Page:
15 October 2010 | EN | ES
Nagoya meeting will discuss access to local biological resources
Flickr/Global Crop Diversity Trust/Jeff Haskins
[NEW DELHI] Sharp divisions between developing and developed countries will come to the fore, putting them at "loggerheads", next week at the world's biggest international conference on biodiversity, in Nagoya, Japan, according to India's environment and forests minister, Jairam Ramesh.
The divisions are over access to local biological resources and sharing the benefits of such access with local communities, he told a press conference today, called to highlight India's position ahead of the 10th meeting of the Conference of Parties (COP-10) of the Convention on Biological Diversity next week (18–29 October).
Governments from around the world are gathering in Nagoya to make three key decisions on safeguarding the world's natural riches.
First, they are hoping to agree on a ten-year strategy on how people interact with biodiversity, which scientists say is key to preventing tipping points, such as the collapse of fisheries, disappearance of the Amazonian rainforest and extinctions caused by invasive species.
They also need to agree on the money required to enact this strategy and, thirdly, they hope to produce a set of international rules about access to the biological resources which would ensure countries and communities get a fair share of any benefits that arise from their use.
But Ramesh said that five issues have emerged as "sticking points" on the third decision. He highlighted divisions relating to access to microbes that cause disease (pathogens).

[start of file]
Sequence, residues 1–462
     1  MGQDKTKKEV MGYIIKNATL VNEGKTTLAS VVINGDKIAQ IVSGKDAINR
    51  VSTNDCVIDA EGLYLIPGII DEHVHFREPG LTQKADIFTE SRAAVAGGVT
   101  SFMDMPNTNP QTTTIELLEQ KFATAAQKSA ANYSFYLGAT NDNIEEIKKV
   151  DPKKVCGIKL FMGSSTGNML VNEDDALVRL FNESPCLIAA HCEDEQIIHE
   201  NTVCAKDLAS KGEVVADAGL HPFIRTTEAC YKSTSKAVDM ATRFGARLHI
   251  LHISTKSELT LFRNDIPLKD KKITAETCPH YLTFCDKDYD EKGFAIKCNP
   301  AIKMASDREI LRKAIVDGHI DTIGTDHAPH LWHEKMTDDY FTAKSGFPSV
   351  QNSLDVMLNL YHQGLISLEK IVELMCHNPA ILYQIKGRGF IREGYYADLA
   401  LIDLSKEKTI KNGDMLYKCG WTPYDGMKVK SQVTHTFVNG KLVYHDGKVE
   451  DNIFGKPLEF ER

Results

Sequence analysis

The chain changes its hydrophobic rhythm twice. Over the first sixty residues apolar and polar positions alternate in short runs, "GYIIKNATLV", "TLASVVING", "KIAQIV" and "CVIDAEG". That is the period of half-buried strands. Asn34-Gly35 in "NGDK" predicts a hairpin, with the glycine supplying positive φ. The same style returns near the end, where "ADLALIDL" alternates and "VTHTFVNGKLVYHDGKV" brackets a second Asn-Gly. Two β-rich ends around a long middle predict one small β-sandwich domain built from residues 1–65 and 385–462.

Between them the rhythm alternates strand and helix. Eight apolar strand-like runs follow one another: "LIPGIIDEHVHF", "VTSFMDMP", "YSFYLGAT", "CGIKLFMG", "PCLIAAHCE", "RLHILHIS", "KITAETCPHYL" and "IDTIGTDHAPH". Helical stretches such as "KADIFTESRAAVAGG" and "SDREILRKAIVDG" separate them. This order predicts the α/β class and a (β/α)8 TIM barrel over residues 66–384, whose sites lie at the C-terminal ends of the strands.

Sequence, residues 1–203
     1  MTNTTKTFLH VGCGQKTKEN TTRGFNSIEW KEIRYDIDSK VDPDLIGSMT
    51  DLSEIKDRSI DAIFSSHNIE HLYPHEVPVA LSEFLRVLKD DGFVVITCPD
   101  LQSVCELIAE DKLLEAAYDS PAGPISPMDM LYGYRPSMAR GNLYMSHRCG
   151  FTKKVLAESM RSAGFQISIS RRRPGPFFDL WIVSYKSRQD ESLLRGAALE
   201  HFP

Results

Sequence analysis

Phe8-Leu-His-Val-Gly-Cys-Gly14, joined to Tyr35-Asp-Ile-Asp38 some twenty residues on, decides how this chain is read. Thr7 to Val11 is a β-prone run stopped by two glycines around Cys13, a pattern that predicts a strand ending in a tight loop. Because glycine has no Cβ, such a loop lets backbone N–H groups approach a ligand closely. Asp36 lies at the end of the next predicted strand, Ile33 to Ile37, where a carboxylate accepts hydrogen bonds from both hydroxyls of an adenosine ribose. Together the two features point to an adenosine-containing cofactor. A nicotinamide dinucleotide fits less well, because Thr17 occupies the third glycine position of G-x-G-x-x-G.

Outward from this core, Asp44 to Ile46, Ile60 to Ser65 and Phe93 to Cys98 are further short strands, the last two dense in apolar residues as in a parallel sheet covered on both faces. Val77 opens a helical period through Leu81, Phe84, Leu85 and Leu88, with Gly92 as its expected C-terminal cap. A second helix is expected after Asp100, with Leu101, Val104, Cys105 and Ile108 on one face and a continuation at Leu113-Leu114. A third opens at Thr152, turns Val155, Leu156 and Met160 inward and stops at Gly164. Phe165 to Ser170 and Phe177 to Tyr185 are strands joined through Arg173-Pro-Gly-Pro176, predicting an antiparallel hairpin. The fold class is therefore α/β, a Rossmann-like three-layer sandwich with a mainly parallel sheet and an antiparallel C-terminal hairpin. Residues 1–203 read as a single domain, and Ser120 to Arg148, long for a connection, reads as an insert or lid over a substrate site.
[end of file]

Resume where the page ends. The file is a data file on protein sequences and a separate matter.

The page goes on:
Developing countries, and especially India, are keen to include pathogens in the agreement because of the emergence of new epidemics such as swine flu, and the interest of big drug firms in using strains found in developing countries to make new vaccines, drugs and diagnostics.
"The companies will take the pathogen, make the drug and we (developing countries) will have to pay billions of dollars to buy the drug from them," Ramesh argued. So developed countries prefer to keep human pathogens out of any agreement on access and benefit sharing, he said.
The second contentious issue relating to benefit-sharing is that developed countries would prefer to limit any deal to include only the original resource, while developing countries want the final products also to be included.
Other major sticking points include the type of agreement and the date it goes live.
Developed countries would prefer the agreement to become binding in the same year it is signed but most countries from Africa and Central America want it to be retrospective.
Another bone of contention is "point of control", said Ramesh. Developing countries, particularly India, want each country's patent office to be in charge of deciding on access and benefit-sharing with local communities. But developed countries "are uneasy with the role of patent offices", he said.
India is one of the few countries to enact a domestic law on access and benefit sharing, Ramesh said. The law was enacted in 2007 and 80 companies have so far signed such agreements in the country.
An example is PepsiCo, the soft drink manufacturer, which has agreed to pay Rs 3.7 million (US$0.08 million) to be divided among 1,000 local fishermen in the southern state of Tamil Nadu, for extracting a seaweed from their area along the Bay of Bengal, to make health stimulants.
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